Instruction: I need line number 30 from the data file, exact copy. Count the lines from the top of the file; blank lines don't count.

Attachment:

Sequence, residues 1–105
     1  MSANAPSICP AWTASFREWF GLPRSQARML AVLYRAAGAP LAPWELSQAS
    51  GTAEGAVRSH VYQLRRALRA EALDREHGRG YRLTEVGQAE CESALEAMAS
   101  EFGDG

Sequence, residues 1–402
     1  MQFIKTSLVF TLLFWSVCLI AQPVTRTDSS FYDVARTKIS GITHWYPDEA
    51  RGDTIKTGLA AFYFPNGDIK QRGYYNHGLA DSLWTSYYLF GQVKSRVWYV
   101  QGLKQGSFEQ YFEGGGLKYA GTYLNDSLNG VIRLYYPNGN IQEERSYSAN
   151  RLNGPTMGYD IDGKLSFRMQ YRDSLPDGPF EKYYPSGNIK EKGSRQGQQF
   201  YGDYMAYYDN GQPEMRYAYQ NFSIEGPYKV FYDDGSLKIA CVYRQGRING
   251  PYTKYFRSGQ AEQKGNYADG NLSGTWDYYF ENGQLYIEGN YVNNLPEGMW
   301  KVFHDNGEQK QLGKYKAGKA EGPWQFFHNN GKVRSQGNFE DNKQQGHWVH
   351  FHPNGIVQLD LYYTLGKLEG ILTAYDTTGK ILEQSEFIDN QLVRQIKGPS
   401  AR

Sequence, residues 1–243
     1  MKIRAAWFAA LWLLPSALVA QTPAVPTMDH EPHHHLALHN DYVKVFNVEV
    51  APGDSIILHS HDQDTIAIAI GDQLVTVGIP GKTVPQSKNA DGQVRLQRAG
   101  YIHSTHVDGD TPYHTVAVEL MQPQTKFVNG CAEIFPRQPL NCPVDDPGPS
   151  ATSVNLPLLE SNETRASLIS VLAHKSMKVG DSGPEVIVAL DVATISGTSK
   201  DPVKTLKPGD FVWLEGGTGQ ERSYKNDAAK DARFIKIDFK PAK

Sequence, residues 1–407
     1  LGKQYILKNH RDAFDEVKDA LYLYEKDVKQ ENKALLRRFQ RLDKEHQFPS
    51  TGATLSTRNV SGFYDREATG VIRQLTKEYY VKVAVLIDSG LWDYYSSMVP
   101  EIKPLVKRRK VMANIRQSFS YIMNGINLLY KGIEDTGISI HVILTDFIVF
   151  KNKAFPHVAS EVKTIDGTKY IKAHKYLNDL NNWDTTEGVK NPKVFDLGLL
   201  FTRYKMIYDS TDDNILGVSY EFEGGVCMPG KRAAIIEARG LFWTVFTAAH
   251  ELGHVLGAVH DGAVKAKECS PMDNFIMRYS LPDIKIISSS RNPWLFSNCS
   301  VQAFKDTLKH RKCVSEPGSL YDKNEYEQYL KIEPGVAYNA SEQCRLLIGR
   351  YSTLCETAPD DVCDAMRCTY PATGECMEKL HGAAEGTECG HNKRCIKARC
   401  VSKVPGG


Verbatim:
   401  VSKVPGG